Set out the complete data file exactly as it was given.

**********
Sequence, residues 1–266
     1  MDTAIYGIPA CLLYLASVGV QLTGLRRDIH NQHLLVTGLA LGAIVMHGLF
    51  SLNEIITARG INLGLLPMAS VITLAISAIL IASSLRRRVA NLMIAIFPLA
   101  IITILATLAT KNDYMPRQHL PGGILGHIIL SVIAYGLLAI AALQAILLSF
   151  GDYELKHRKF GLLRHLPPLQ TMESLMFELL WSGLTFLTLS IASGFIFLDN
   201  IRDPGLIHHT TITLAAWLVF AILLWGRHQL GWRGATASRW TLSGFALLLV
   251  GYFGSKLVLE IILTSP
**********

Sequence, residues 1–266
     1  MDTAIYGIPA CLLYLASVGV QLTGLRRDIH NQHLLVTGLA LGAIVMHGLF
    51  SLNEIITARG INLGLLPMAS VITLAISAIL IASSLRRRVA NLMIAIFPLA
   101  IITILATLAT KNDYMPRQHL PGGILGHIIL SVIAYGLLAI AALQAILLSF
   151  GDYELKHRKF GLLRHLPPLQ TMESLMFELL WSGLTFLTLS IASGFIFLDN
   201  IRDPGLIHHT TITLAAWLVF AILLWGRHQL GWRGATASRW TLSGFALLLV
   251  GYFGSKLVLE IILTSP